In the latter part of 2014, TRIEC conducted research into the immigrant job-search experience in the GTA. We spoke to people working in the sector, and immigrants themselves, to find out about new developments – and what hasn’t changed. Plus, there are political changes that we know will impact on our work in 2015.
In the next few months, we’ll be taking a look at some of the key trends shaping the immigrant employment landscape this year. In each entry, we’ll tackle a different theme, considering the implications for immigrants, employers, and for those working in the field. Here’s a look ahead to some of the issues we’ll be talking about:
On January 1, the government launched a major overhaul of the system that immigrants to Canada will use when applying for permanent residency. Immigrants applying through Express Entry will be awarded points based on things like age, language skills, and whether or not they have an existing job offer in Canada. The government believes that this will is aimed at bringing those into the country who will have the best chance of succeeding in the long-term. But how will the changes affect who is arriving in Canada – and those who are already here? We don’t yet know, but we can predict that the people who immigrate to Canada, how they get here, and how they look for work, will change significantly in coming months.
The rise of the entrepreneur
Recent months have seen an increase in the number immigrant entrepreneurs, with immigrants to Toronto setting themselves up as self-employed, rather than seeking employment. Why is this happening, and what are the implications for the GTA economy?
More online networking (Learn more)
Networking is an essential part of any job search: those looking for work need to make contacts in order to expand their professional network and increase their chances of getting a job. For many skilled immigrants, it’s a key step on their journey to finding meaningful employment. With the rise of online networking sites like LinkedIn, to what extent is professional networking happening more from behind a computer? And how will this impact people arriving in the country who want to reach out to contacts in their field?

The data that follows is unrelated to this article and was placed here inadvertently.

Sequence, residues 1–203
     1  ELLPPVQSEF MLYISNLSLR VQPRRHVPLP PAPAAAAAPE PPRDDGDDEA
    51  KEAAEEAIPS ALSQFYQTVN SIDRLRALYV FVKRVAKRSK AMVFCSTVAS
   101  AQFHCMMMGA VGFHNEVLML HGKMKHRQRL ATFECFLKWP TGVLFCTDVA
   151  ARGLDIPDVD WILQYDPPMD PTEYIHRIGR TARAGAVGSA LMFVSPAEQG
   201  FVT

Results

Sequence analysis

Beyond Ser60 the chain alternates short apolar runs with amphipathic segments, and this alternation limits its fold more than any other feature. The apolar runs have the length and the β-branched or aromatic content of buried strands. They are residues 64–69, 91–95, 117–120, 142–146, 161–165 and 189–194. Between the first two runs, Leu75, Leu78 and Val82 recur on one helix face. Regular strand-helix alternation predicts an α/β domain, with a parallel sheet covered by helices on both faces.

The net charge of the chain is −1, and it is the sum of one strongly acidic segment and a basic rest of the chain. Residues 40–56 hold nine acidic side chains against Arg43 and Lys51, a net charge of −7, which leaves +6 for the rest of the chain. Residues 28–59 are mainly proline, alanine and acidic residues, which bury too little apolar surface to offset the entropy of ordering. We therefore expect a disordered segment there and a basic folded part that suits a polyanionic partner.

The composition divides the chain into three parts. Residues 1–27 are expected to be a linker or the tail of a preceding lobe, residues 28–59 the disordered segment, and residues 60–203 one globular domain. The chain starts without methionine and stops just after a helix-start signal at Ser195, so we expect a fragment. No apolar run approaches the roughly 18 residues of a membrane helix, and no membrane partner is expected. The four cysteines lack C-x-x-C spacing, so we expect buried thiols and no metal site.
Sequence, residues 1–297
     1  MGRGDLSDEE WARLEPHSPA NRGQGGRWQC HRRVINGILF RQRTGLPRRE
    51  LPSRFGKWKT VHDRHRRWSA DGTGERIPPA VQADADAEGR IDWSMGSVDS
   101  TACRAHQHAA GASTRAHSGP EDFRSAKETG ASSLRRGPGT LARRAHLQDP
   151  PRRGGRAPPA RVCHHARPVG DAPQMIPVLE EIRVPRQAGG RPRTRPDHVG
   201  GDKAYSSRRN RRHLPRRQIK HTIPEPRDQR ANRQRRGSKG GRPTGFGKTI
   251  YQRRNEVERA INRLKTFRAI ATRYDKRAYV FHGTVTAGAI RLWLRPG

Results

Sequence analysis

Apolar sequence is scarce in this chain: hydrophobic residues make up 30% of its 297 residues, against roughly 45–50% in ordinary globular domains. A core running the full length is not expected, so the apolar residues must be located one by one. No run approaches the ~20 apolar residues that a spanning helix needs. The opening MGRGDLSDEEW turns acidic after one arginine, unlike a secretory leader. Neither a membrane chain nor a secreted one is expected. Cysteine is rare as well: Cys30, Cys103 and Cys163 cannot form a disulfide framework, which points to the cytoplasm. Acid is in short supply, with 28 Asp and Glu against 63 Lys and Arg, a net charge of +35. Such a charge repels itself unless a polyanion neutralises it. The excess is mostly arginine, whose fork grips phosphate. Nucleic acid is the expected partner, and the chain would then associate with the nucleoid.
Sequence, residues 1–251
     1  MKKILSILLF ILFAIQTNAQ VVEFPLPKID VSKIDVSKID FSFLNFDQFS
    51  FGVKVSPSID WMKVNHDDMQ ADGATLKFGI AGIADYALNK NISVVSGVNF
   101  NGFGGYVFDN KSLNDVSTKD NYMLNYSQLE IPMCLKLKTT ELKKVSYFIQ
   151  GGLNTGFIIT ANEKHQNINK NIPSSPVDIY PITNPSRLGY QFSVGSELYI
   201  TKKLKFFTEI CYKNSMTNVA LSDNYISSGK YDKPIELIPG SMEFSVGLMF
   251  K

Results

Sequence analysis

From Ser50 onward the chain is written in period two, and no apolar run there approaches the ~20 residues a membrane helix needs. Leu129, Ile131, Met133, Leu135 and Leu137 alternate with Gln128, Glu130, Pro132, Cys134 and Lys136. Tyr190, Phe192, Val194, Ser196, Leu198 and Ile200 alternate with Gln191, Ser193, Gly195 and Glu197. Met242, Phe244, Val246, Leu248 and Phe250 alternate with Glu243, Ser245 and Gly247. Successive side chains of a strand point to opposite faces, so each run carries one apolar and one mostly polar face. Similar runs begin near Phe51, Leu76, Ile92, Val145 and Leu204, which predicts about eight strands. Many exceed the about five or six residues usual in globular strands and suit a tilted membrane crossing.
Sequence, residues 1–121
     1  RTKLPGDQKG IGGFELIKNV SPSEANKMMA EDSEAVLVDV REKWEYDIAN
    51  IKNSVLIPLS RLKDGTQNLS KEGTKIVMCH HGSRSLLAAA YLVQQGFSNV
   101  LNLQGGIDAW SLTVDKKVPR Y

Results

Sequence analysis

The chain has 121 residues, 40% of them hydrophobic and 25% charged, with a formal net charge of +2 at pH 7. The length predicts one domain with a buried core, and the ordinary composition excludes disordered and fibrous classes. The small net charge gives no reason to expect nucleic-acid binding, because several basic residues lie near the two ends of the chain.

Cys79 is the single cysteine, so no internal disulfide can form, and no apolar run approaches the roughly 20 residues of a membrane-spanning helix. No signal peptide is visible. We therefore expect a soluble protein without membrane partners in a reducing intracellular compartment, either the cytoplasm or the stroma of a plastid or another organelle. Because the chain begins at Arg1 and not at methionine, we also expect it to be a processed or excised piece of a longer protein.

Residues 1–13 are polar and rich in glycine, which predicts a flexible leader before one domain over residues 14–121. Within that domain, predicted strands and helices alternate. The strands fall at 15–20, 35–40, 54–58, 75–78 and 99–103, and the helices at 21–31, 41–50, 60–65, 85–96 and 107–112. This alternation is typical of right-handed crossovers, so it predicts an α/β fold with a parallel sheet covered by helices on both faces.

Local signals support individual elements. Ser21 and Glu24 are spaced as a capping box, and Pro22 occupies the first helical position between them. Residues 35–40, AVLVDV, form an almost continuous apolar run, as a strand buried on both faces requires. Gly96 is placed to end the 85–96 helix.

The hourglass issue
An hourglass type shape is created in the job market when a large number of people apply for entry level and senior positions, and there is a shortage of middle management roles. Many skilled immigrants are currently competing with recent graduates for positions that they are over-qualified for. What if recent immigrants were gaining positions that match their skills and qualifications? Would this open up more opportunities for Canadian youth?
Who is immigrating to Toronto?
We have some recent research from CIC on who is coming to Toronto but we know this will change in the coming year with the new Express Entry system. We know that immigration to Ontario is declining as immigrants come to Toronto and then leave for better opportunities elsewhere. But – it’s a shifting labour market as the price of oil and the Canadian dollar drop, perhaps creating opportunities in Ontario for labour demand to grow in manufacturing and exporting. What will the next group of skilled immigrants brought in through Express Entry need to be successful in this new environment?
Want to know more about these issues? Starting next month, we’ll be blogging about each of the above topics, to take a more in-depth look at how and why they’re affecting what we do. Keep checking triec.ca for more information – or follow us on Twitter for updates – @TRIEC.